Blood levels of BPA are present in most individuals, although no toxic level has yet been determined. It is unclear to what degree (if  any) that  BPA/composite materials contribute long term in the oral cavity to these levels. Long term research is  just starting to emerge and future toxic BPA  levels/consequence should be forth coming.
Current metal fillings (alloy ) consist of: silver (40-60 percent), tin (12-30 percent), copper (12-30 percent), indium (0-4 percent), palladium (.5 percent) and zinc (1 percent). The alloy is  mixed with  mercury (43-50 percent) by weight to form  the final metal filling (amalgam). The toxicity debate   revolves around the amalgam’s content of mercury.
Chemically, mercury exists in three forms: elemental, inorganic and organic. Elemental mercury is the most volatile of the three and mercury vapor is the most common form. Methyl mercury is a major component of coal burning. The air we breath has been estimated  by the EPA to contain 40-120 nanograms of mercury per day. The World Health Organization adopted a threshold  for mercury exposure of 25 micrograms mercury vapor per cubic meter of breathing zone air eight hours a day, 40 hours a week. Removal of an existing amalgam from a tooth releases about 15-20 micrograms of mercury vapor over a period of under 10 minutes, 90 percent of which is eliminated  by high speed suction.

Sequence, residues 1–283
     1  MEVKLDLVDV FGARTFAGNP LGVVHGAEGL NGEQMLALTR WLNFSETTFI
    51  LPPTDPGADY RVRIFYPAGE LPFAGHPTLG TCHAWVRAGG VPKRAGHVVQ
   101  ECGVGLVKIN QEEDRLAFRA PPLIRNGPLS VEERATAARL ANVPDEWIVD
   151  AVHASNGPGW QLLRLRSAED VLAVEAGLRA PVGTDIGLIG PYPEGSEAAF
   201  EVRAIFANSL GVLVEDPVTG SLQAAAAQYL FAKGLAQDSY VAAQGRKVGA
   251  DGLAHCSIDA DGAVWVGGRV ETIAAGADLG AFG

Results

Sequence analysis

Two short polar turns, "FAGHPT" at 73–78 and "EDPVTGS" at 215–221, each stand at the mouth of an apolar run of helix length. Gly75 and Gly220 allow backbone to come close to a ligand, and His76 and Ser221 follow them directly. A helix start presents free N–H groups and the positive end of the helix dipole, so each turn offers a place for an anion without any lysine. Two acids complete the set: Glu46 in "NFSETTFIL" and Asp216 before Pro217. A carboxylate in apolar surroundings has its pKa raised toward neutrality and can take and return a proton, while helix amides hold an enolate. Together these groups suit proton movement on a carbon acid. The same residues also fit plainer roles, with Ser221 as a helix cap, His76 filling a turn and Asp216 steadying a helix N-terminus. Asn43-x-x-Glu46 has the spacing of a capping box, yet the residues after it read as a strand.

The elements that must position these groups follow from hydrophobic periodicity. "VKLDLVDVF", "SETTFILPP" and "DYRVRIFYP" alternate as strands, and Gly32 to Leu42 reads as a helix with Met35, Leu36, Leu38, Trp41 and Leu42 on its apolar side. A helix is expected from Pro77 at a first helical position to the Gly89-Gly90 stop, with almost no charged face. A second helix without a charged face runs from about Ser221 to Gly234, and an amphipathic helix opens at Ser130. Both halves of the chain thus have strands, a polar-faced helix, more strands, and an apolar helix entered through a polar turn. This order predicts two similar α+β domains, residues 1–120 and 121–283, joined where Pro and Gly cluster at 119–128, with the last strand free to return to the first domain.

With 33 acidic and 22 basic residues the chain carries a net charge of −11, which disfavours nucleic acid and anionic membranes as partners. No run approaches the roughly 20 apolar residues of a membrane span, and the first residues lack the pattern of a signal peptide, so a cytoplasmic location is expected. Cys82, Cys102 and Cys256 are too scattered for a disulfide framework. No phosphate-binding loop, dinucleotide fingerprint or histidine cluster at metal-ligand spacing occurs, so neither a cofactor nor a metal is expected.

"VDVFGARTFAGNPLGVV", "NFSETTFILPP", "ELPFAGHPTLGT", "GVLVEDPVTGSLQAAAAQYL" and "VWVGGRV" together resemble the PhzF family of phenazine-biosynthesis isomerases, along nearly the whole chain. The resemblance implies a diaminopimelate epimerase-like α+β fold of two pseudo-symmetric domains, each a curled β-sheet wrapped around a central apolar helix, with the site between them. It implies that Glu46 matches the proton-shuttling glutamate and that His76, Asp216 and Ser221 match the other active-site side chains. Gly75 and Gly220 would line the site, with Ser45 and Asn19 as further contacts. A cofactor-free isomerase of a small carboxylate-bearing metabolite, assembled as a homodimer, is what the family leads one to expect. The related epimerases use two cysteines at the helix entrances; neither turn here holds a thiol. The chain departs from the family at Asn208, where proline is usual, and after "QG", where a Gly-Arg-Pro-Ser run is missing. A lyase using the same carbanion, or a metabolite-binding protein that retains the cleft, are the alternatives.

Sources of mercury in our drinking water and food are estimated by the EPA to be 5.8 micrograms a day.  A patient with more than eight amalgam fillings average 1-2 micrograms of mercury uptake daily, less than one third of our normal dietary uptake through our food, water and air we breath.
Patients need to take the time to review research  as to which dental materials, mercury or BPA,  best meet their wants and desires. Other considerations may include: nonbiased based research, marketing, profitability, dentist’s preferences and lack of alternative materials.
– Jeffrey Kohlhardt, DDS

Imagine D.C. without lawyers
To the editor,
Imagine, if we as a people were to change our habit of electing Ivy League lawyers and the wealthy elite to the office of President, or to any
Congressional or Senate office. Imagine if we were to demand other choices.
We might elect a school teacher, and our system of education may be improved. Who understands the educational needs of children better than someone that has spent decades standing in front of them and educating them?